In the real world, development becomes production, good or bad, so you and everyone after you are better off cutting off the bad ASAP.

> Bearing in mind that I am the sole *dedicated* devoper in the company (there
> are two others who develop in certain areas for part of their roles), don't
> you think I should have been trained in the fundamentals of Oracle at the
> very minimum. Of course, I should...

Print out the concepts manual and read it. Then read it again (especially the locking and consistency parts).

> Do you not think that we should have perhaps given greater weight to
> solutions based on SQL Server DBs given that our company has a base of
> experience in this technology? I would have...

Since I'm biased towards MRP/ERP, and see cases where scalability is an issue, I'd say I agree with you for little home-grown projects but not for this.

> Do you not think that the person with the most RDBMS skills and experience,
> and the guy who primarly supports the the dozen or so SQL Servers, should be
> trained up to adminster the Oracle DB. Again, I would have...

I have a little more difficulty with this. From what I've seen (and I'd been interested if others have seen otherwise), Sybase-derived DBA's tend to place great stock in memorizing supplied SP's, and perhaps writing some. While some Oracle shops may do the same thing, I don't think that should be the primary skill of an Oracle DBA. In the case of bringing an Oracle ERP solution into a non-Oracle shop, I'd say it would be most important to have a "functional DBA" experienced in that solution, and at least have available an experienced "technical DBA." They should then transfer knowledge to an inhouse DBA if they aren't going to be there permanently. A major problem is that since ERP solutions aren't often written properly from a DBA standpoint, whoever is dealing with it has to understand both how it is supposed to work and how to make it actually work. I've seen very experienced DBA's _not_ be able to deal with this. Trying to comprehend it all as a noob is just too much to ask.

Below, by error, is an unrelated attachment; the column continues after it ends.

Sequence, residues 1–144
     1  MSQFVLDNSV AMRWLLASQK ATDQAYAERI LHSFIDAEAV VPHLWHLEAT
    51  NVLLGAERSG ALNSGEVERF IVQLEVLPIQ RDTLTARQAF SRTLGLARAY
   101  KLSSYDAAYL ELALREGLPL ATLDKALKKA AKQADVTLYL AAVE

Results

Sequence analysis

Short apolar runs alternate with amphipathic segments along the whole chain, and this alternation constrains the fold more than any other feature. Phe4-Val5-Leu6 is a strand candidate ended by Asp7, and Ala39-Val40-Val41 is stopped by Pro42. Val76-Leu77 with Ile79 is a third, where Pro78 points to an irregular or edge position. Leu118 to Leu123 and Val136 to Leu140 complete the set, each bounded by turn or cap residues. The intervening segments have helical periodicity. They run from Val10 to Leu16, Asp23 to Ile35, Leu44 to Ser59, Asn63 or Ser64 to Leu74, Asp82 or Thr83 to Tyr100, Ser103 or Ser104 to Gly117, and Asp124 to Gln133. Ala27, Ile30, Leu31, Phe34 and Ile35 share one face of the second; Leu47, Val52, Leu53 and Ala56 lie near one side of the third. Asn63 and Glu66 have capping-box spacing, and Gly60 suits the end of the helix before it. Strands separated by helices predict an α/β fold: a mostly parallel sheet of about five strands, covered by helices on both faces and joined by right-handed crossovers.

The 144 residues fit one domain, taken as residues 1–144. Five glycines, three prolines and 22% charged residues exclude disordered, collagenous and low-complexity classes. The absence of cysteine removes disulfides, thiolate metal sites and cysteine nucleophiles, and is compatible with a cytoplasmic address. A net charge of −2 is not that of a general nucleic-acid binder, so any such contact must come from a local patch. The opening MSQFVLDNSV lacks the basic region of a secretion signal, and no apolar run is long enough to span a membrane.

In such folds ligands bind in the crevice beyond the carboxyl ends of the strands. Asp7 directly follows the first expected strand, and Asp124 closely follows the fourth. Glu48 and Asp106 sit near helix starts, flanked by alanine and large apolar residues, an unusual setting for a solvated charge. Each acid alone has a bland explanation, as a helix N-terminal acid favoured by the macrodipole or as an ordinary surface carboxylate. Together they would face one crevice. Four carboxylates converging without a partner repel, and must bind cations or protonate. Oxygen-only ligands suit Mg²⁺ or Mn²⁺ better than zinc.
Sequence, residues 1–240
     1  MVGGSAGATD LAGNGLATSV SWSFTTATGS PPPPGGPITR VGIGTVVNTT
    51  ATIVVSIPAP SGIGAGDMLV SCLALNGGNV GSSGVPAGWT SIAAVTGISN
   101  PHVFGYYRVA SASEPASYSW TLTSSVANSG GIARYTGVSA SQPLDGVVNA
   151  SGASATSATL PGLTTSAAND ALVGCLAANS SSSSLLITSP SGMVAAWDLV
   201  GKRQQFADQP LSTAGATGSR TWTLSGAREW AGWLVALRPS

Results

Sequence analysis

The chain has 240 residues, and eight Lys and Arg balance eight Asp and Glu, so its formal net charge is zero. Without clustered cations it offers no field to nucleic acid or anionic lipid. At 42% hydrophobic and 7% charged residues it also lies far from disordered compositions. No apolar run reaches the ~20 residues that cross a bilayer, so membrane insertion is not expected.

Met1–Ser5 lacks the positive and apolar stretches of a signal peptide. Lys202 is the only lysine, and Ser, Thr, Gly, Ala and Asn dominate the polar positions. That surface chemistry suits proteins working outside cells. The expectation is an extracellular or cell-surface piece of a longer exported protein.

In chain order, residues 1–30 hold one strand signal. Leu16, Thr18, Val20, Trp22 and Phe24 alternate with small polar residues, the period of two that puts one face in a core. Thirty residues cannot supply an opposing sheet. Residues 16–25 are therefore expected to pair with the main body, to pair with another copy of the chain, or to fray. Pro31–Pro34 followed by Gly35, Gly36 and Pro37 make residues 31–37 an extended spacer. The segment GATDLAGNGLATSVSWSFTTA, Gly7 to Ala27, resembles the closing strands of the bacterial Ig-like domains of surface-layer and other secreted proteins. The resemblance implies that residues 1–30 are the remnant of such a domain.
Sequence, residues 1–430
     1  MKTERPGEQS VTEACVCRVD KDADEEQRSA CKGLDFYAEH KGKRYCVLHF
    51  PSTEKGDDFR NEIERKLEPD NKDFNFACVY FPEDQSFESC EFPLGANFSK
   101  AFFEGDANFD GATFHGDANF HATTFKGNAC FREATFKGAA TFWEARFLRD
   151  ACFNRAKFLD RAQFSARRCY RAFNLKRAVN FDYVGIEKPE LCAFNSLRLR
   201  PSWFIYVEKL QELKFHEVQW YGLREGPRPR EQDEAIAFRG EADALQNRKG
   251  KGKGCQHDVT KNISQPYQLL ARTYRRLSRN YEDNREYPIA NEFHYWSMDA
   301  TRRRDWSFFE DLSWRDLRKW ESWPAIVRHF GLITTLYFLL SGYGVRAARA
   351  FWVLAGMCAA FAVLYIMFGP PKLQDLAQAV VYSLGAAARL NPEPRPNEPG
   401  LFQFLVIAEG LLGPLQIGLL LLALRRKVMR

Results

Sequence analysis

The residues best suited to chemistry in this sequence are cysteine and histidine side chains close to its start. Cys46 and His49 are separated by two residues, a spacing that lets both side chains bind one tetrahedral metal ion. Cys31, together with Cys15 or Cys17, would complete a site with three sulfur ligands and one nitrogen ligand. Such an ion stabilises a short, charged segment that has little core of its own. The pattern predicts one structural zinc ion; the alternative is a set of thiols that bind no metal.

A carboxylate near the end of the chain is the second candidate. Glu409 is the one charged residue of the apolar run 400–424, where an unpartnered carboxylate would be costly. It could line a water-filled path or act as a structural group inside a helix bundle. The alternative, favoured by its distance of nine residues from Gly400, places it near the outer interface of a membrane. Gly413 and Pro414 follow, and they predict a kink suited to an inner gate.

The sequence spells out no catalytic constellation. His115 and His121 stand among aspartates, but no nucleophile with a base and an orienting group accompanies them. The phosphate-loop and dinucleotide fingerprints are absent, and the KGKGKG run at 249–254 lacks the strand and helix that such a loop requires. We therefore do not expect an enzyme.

The training out there is variable, too. (huge understatement)

> However, 'the management' have made their decisions and we're all stuck with
> them. So now I need to do my job.
> As with any technology, you start off wielding a sledgehammer, you progress
> through some other tools, until (hopefully) you are capable of handling a
> scalpel with skill. I would hope that I am at the scalpel stage with SQL
> Server, but after two days of investigation with Oracle, I can still barely
> lift the sledgehammer. Of course, by experience with other RDBMS's will
> stand me in good stead eventually, but there are plenty of conceptual
> differences between each DB, before we even get to the simple syntax
> problems [e.g. Why the hell isnt there a TOP keyword in Oracle??].

Get yourself Tom Kyte's books ASAP. Skip the sledgehammer phase. He starts off with several chapters explicitly geared towards developers coming into the Oracle world.

I used to be worried that my work cleaning up other people's messes would be going away with the easier management of the newer versions of Oracle, but I seem to have been a bit pessimistic. Or is that optimistic?

> So next time I ask a question, can you all please try your best to answer
> *my* question. We can always create another thread on management
> best-practice and other peripheral issues. But meanwhile, I have a difficult
> job to do at short notice, and would appreciate constructive help from my
> peers.

I second this.


-- is bogus.
Received on Mon Aug 21 2006 - 13:24:51 CDT